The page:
Super Senior: Ed Blechner

Published: Mar. 2, 2023 at 4:21 PM EST
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ADDISON, Vt. (WCAX) - Just below Snake Mountain in Addison, Ed Blechner is ready to take his Alaskan huskie, Nanu, for a walk in the woods.

“You can see the whole Adirondacks, Marcy, everything,” Blechner observed.

These days, it’s just the two of them. The strolls also give Blechner time to reflect on his nearly 50-year sled dog career. “A lot of ways they kept me going, you know,” Blechner said. They’ve changed my life, obviously.”

This is a story about transition. Time stops for no one - more so for dogs, who age so much quicker than humans. Nanu will be turning 14 this year. “He’s slowing down, but compared to the other dogs, he’s in really good shape,” Blechner said.

He and his wife, Nettie Picher, are now down to just a handful of dogs, each one over 13 years old and with various ailments. “It would be easy to put the dogs down, but we don’t feel it’s the right time yet,” Blechner said.

The days of mushing with these dogs are over. Blechner -- who’s 75 -- and his wife have decided not to get a fresh batch of dogs for a new team. “It just wouldn’t be right, because if something happens to us... you know,” he said. It’s a tough decision because they’ve been what’s kept him going in darker times. “I think if I had been a suicidal person, I would have been dead a long time ago.”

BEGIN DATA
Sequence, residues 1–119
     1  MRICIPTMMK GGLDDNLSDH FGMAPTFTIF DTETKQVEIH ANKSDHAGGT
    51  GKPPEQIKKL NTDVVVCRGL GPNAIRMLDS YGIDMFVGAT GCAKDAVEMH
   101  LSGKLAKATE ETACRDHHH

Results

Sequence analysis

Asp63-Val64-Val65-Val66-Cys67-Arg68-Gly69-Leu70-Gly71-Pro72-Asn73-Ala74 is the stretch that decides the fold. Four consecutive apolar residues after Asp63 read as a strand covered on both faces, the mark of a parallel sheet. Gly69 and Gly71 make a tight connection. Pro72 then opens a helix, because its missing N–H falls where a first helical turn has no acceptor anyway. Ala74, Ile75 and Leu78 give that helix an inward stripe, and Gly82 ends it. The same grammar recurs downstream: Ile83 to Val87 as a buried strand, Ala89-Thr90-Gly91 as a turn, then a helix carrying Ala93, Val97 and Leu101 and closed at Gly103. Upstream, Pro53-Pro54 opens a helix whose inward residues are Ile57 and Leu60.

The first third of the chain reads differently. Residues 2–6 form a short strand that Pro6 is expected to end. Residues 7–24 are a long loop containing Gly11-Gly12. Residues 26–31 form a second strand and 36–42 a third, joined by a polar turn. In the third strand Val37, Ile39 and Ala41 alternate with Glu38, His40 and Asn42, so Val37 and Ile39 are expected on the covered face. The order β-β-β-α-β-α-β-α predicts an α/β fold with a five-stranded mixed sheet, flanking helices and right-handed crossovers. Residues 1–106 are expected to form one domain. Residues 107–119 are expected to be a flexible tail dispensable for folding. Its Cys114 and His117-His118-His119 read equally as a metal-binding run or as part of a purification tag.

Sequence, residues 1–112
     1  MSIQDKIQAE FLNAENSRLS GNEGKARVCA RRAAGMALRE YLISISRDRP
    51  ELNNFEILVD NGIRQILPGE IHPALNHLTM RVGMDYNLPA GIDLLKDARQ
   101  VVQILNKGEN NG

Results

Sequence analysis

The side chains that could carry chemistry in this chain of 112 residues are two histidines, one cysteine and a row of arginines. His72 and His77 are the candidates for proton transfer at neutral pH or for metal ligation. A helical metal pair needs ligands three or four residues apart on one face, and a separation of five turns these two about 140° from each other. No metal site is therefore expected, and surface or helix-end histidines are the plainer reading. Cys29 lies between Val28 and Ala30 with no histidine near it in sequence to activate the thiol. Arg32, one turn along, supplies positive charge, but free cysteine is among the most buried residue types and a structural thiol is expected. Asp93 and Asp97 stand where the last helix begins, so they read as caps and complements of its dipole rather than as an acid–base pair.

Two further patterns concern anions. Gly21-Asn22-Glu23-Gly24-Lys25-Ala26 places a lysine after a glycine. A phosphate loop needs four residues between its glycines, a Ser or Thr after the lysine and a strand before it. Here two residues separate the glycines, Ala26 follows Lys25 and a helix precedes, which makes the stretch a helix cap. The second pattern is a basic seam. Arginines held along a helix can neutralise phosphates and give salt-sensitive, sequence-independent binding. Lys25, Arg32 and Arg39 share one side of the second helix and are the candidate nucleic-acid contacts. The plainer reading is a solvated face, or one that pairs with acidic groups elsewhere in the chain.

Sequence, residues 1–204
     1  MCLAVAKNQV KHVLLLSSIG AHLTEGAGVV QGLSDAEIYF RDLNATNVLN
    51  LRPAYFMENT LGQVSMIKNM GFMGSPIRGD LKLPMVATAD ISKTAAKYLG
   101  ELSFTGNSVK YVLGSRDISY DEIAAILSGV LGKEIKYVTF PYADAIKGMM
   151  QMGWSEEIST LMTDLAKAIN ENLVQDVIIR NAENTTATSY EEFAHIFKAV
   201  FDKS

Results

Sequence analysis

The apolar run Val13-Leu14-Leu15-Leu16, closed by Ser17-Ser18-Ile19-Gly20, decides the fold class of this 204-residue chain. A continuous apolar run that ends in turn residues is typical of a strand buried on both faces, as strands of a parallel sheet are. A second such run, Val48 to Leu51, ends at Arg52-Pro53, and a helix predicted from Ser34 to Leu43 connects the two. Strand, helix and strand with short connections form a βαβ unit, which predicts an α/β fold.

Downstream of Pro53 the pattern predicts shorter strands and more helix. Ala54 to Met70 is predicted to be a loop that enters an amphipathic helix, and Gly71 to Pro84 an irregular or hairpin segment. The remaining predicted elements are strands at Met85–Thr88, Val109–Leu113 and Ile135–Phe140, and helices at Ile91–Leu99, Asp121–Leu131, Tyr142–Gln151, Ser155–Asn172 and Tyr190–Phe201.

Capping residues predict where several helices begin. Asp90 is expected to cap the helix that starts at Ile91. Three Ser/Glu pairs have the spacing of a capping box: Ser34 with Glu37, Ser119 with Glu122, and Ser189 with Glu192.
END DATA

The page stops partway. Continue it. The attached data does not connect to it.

Blechner says he has suffered from depression ever since high school. “There were some really rough times. There were times here, even in the early 90s where, you know, getting up in the morning would take me an hour and a half, two hours to put my boots on,” he said. But he knew he’d have to get up and feed the huskies. “The one thing about any kind of mental illness, particularly depression, that it’s extremely difficult on the people that love you because they want to help, but they don’t know what to do.”

Reporter Joe Carroll: How are you doing now?

Ed Blechner: Oh, I’m doing really well now.

He credits meeting Nettie, effective medications, and of course, the canines. To a degree, Nanu, Buddy, Moose, and Skuppy are like his kids. “The dog, I think, is different because there’s always going to be somebody responsible for them,” Blechner said. He says it’s like taking care of aging parents. “I think they deserve it, for all they’ve given us.”

How life has changed in just two years ago, as the once athletic team slips into its golden years.

Reporter Joe Carroll: What do you think when you see that?

Ed Blechner: Two things -- I’m glad we did it, you know. And the second thing is, it’s like...

Nettie Picher : End of an era.

Reporter Joe Carroll: What’s going to be that feeling like when the last dog leaves?

Ed Blechner: It’s going to be difficult.

Until then, the couple is content. “We feel they have something to give us and we have something to give to them,” Blechner said. “I look back and I feel like I’ve been pretty lucky.”